ArtsAutosBooksBusinessEducationEntertainmentFamilyFashionFoodGamesGenderHealthHolidaysHomeHubPagesPersonal FinancePetsPoliticsReligionSportsTechnologyTravel

Shakespeare Sonnet 40

Updated on May 4, 2020
Maya Shedd Temple profile image

Poetry became my passion, after I fell in love with Walter de la Mare's "Silver" in Mrs. Edna Pickett's sophomore English class, circa 1962.

Edward de Vere, 17th Earl of Oxford

Source

Introduction and Text of Sonnet 40

In Shakespeare sonnet 40, the speaker becomes ultra crafty, cleverly playing on the word, "love," as he again feigns an imaginary distance from his creations. This speaker loves his poems and his ability to craft them more than life itself. He has proven that love and his appreciation for his ability to write poetry in nearly every sonnet up to this point.

And, spoiler alert! he will continue to demonstrate his love and loyalty to his writing vocation, even beyond this current sequence (The Writer/Muse Sonnets 18-126) that focuses directly on that topic.

Sonnet 40

Take all my loves, my love, yea, take them all
What hast thou then more than thou hadst before?
No love, my love, that thou mayst true love call;
All mine was thine before thou hadst this more.
Then, if for my love thou my love receivest,
I cannot blame thee for my love thou usest;
But yet be blam’d, if thou thyself deceivest
By wilful taste of what thyself refusest.
I do forgive thy robbery, gentle thief,
Although thou steal thee all my poverty;
And yet, love knows it is a greater grief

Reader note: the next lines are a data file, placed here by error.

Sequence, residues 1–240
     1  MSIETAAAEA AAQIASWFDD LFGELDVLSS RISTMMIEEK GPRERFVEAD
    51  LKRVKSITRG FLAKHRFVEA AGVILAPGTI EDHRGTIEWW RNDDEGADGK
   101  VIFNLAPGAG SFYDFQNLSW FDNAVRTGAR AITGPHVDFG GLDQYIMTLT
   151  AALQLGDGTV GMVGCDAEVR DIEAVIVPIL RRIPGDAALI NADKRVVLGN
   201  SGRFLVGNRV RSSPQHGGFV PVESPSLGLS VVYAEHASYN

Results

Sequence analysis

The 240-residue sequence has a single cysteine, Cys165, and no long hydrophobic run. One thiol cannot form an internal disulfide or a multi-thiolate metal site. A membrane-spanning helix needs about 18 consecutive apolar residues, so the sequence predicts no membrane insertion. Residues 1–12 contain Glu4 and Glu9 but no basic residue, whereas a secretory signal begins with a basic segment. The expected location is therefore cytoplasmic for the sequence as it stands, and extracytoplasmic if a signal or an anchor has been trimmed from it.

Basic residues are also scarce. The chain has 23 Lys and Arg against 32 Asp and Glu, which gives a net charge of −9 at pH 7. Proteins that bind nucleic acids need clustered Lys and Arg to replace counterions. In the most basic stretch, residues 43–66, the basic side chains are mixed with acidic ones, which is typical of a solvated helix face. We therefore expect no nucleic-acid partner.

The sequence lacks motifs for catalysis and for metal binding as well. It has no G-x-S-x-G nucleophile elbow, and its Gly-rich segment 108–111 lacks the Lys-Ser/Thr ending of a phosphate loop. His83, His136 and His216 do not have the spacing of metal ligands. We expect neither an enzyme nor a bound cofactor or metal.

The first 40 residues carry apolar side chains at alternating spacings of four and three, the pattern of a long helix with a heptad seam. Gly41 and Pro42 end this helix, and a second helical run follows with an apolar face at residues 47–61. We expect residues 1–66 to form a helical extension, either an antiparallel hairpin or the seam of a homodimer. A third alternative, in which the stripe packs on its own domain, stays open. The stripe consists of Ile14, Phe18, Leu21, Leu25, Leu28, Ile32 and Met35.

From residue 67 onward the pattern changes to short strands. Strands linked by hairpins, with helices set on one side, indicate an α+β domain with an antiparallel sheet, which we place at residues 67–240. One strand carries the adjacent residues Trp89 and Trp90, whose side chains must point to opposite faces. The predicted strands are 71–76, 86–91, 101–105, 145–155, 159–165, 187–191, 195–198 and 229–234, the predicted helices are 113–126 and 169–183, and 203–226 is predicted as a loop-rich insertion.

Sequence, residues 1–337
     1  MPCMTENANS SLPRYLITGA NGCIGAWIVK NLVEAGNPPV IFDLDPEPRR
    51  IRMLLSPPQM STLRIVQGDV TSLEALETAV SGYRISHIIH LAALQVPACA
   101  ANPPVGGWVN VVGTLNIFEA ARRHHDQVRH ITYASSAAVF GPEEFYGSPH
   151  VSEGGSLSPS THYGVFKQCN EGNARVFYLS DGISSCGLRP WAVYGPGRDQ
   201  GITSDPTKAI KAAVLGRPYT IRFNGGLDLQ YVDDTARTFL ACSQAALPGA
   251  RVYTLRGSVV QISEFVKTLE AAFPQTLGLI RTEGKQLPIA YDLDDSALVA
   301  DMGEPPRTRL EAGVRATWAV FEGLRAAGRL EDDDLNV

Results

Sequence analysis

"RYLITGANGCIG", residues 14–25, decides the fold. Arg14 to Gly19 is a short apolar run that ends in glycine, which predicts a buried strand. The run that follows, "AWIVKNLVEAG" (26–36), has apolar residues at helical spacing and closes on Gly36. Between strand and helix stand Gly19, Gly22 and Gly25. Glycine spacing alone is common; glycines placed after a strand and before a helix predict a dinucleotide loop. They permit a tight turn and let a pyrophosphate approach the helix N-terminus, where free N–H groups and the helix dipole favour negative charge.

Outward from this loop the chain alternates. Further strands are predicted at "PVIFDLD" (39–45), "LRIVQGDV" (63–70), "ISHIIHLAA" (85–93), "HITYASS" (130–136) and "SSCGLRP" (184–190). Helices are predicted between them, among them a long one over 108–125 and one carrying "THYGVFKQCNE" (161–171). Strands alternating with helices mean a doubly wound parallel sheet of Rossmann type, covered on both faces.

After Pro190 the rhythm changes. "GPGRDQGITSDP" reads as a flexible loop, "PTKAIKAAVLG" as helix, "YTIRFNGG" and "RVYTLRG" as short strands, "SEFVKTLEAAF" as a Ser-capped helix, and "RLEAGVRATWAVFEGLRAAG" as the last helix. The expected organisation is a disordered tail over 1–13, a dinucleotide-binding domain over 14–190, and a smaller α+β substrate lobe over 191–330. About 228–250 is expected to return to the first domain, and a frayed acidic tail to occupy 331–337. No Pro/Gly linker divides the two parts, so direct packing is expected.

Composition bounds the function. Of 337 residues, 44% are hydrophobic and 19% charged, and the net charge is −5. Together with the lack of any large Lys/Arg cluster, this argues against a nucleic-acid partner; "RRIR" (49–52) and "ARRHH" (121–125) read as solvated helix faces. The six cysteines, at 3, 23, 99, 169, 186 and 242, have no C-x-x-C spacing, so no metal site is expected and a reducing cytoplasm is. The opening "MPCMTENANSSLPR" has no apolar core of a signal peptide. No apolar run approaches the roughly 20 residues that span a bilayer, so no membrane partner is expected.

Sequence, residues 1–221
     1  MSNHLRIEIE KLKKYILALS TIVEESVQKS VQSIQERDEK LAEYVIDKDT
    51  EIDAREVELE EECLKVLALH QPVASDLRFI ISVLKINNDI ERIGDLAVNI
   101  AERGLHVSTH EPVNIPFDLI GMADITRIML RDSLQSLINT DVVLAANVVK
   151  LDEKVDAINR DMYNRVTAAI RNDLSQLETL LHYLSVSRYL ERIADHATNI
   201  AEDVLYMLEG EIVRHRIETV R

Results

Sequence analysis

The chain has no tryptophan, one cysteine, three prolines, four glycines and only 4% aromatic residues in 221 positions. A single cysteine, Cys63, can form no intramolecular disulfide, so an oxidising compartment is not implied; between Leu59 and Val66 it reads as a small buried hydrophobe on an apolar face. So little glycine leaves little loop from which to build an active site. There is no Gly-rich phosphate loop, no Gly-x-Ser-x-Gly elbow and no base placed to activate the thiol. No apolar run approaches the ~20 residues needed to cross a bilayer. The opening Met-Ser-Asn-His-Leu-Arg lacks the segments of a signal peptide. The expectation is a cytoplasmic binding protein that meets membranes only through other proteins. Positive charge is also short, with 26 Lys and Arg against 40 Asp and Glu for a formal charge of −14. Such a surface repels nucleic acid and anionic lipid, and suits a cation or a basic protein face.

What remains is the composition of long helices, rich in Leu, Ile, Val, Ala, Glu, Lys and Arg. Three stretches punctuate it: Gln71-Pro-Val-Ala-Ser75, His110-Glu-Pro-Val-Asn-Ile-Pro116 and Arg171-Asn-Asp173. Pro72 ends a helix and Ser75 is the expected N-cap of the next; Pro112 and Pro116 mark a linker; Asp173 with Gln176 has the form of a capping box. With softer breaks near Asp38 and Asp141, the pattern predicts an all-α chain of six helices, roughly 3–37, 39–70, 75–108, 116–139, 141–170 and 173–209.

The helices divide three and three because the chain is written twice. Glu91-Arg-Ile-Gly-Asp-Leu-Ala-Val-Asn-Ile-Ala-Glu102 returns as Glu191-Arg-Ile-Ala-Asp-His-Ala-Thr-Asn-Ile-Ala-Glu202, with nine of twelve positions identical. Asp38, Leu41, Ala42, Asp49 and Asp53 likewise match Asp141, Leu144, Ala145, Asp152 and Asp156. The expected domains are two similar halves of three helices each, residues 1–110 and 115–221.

To bear love’s wrong than hate’s known injury.
Lascivious grace, in whom all ill well shows,
Kill me with spites; yet we must not be foes.

Reading of Sonnet 40

Commentary

Sonnet 40 continues the hiatus from unity taken by the speaker that he declared in Sonnet 39, but instead of praising the poem, he appears to be chiding it.

First Quatrain: Art Can Take All

Take all my loves, my love, yea, take them all
What hast thou then more than thou hadst before?
No love, my love, that thou mayst true love call;
All mine was thine before thou hadst this more.

The speaker begins by commanding "[his] love" to go ahead and relieve him of all that he loves. His poetry takes much energy, time, and dedication, so he affirms that he is giving in and letting his art take all that he is, all that he loves. Of course, this speaker's greatest love is the art itself, as he has affirmed repeatedly. But now the speaker remonstrates that even if his art succeeds in taking all of the speaker’s loves, it will not have more than it already has. This claim stands perfectly in line with the fact that his poetry already has all of his love.

The speaker plays on the word "love," repeating it over and over with slightly different meanings: "No love, my love, that thou mayst true love call." The first love refers to the ordinary abstract referent, while the second directly addresses his art, and the third refers back similarly to the first abstract referent, except instead of mere "love," the speaker emphasizes it by calling it "true love."

Second Quatrain: Playing on Love

Then, if for my love thou my love receivest,
I cannot blame thee for my love thou usest;
But yet be blam’d, if thou thyself deceivest
By wilful taste of what thyself refusest.

In the second quatrain, the speaker continues playing on the word "love" as he addresses his poem. He muses that even if his work takes all of his love, because of his love, the poem will assuredly be blamed if it deceives itself by taking his loves when the speaker will need his loves to enrich the poem.

The poem can deplete itself only by depleting the speaker. The speaker whimsically personifies his art in order to chide it for usurping all of the speaker’s energy, time, and, of course, "love."

Third Quatrain: Robbed of Poverty

I do forgive thy robbery, gentle thief,
Although thou steal thee all my poverty;
And yet, love knows it is a greater grief
To bear love’s wrong than hate’s known injury.